I’m starting to have a bit of a love hate relationship with my Libre. I love the trend information. It makes the whole process of basal testing and understanding how your body works so much easier and allows you to understand what to do to make changes in a way that blood testing simply can’t do.
I hate the inconsistent accuracy of the thing. In the last 24 hours I’ve seen variation from blood tests that have been between 5.5% and 17.5%, and that’s with my glucose levels in the range 5.4 to 6.7.
After starting yesterday within the normal 5% or so range, it just stopped being accurate. As I’m adjusting basal at the moment, my blood glucose did rise over the course of the day, but the velocity wasn’t fast nor the rise high. It peaked at around 9 mmol/l and was managed back down. This seemed to cause the Libre no end of trouble and once I started coming back down again, it didn’t want to follow. As you might imagine this was highly frustrating. To cut a long story short, the sensor appeared to be misbehaving.
Before bed, this is what the numbers looked like across both sensors. Each was 17.5% out, just one up and one down, in a normal blood glucose range:
Now, overnight, I’ve had a nice flat and steady graph. I went to bed with a blood glucose of 5.8 and awoke with a 5.4. My blood sugar point readings showed 5.7 at the point of checking with my basal, while my interstitial showed as 6.7 (yes that is 17.5% away). Over the course of the next hour the interstitial level dropped back to 6.1 while my blood levels didn’t change, and remained reasonably constant throughout the night. On waking, bloods showed 5.4 while the interstitial was 5.9. This morning’s view is this:
Again, what seems to be going on here is yet another variation in either what the sensor is seeing or what the reader is interpreting from the sensor. Otherwise, where did the blip on the old sensor/reader combination come from? Another slightly odd discrepancy.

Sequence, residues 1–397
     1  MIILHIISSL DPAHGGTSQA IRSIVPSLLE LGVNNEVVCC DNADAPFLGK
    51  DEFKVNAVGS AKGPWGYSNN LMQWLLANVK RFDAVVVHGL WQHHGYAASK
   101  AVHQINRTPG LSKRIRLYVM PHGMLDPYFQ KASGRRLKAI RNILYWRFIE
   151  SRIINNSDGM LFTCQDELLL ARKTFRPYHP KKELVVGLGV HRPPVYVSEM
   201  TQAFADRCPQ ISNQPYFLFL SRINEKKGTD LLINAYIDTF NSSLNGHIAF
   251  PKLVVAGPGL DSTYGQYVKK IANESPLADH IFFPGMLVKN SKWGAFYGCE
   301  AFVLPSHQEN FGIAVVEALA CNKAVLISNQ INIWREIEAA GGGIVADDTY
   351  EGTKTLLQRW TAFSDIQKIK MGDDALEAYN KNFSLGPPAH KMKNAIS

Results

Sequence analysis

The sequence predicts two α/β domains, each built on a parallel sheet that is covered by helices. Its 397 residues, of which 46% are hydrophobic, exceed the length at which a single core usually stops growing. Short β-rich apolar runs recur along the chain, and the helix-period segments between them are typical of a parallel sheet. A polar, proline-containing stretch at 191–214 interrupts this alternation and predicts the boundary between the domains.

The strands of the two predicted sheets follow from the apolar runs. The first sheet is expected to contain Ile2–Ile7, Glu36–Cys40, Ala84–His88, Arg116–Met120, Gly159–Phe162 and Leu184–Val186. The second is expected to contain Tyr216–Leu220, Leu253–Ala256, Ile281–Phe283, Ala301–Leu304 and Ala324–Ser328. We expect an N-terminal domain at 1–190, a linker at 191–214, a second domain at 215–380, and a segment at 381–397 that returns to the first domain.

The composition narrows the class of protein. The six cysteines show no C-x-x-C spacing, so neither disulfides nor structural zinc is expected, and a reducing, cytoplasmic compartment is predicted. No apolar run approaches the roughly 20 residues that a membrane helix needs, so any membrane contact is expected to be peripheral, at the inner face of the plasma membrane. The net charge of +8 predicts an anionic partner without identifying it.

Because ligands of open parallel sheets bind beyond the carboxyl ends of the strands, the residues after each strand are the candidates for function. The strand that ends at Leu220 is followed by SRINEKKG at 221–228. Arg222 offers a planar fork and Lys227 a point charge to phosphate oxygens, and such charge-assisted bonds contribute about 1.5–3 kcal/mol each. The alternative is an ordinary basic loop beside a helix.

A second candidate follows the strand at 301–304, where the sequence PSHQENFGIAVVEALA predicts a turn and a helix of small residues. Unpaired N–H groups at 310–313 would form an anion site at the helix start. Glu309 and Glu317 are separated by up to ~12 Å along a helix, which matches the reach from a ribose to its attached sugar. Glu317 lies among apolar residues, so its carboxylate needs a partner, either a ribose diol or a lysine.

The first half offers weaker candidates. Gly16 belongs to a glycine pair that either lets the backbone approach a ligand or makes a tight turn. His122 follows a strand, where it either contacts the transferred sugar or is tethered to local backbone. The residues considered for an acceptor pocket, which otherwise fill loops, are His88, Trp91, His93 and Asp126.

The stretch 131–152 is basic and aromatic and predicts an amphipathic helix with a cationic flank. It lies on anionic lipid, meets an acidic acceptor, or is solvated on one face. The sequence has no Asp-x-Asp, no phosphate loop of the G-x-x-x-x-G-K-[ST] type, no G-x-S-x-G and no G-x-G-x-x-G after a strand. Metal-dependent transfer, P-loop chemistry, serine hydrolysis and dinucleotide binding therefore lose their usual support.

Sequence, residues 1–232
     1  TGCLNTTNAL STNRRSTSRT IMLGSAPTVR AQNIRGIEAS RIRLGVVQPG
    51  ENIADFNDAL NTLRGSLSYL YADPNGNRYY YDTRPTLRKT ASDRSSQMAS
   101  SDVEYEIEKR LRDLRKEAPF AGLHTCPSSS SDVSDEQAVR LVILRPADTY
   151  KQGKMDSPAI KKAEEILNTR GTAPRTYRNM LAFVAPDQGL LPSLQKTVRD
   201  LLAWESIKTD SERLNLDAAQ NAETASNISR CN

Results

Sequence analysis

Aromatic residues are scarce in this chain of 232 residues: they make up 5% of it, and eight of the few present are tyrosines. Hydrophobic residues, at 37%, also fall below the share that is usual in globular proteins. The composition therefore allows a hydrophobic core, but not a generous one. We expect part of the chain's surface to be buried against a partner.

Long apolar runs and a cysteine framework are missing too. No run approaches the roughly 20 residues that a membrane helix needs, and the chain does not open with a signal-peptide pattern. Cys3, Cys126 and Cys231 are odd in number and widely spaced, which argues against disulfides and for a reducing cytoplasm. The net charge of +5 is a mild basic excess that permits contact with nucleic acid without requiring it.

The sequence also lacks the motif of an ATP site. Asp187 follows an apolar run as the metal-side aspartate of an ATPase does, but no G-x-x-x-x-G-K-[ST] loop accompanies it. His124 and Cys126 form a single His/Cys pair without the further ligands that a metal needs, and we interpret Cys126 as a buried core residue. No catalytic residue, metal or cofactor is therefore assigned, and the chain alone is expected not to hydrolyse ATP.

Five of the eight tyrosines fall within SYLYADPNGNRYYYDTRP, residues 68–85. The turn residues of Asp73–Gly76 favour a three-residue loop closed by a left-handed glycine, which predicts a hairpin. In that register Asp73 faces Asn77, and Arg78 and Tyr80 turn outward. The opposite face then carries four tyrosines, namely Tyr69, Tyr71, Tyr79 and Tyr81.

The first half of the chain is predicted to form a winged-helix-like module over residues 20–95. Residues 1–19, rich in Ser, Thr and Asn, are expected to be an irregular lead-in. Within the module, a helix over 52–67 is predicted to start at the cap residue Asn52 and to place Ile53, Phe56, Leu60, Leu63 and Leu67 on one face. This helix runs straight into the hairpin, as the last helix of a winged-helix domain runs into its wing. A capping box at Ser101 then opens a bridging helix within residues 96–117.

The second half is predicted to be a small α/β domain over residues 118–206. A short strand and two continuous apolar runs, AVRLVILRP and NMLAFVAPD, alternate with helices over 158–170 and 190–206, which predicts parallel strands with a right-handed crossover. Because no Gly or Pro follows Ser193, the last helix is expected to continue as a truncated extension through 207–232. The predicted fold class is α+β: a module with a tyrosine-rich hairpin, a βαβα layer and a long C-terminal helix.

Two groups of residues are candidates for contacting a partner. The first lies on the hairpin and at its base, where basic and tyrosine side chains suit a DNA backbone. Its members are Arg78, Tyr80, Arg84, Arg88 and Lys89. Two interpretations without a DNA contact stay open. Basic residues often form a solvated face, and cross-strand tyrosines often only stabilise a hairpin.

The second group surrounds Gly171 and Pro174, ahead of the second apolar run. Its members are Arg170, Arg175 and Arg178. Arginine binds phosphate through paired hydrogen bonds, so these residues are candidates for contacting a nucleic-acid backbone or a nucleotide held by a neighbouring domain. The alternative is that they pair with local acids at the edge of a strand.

As there were plenty of blood tests done yesterday, it will be an interesting exercise to pull the data off the device and put together a graph showing the variance of the new sensor and the old sensor. I wonder what the standard deviation from the blood glucose recordings will be?
Yesterday’s experience also makes me wonder about the rate at which interstitial fluid glucose levels change in relation to those of the blood, and more importantly, which one matters?
If my IFG is 10 and my BG is 8, which is better? I assume my IFG should be <8 as well? What are the mechanisms I have to get my IFG lower, other than running my BG at a lower level and waiting for it to catch up? If my IFG is higher than my BG, what happens to the tissues? Does a high level of protein in my diet cause the IFG to “stick” at a higher level and change more slowly?
There are many questions to answer and it’s not always clear where the answers are or what they should be. So the inconsistencies seem to be two things. Different data collection points and difference reactions to the available carbohydrate. The joys of being a guinea pig!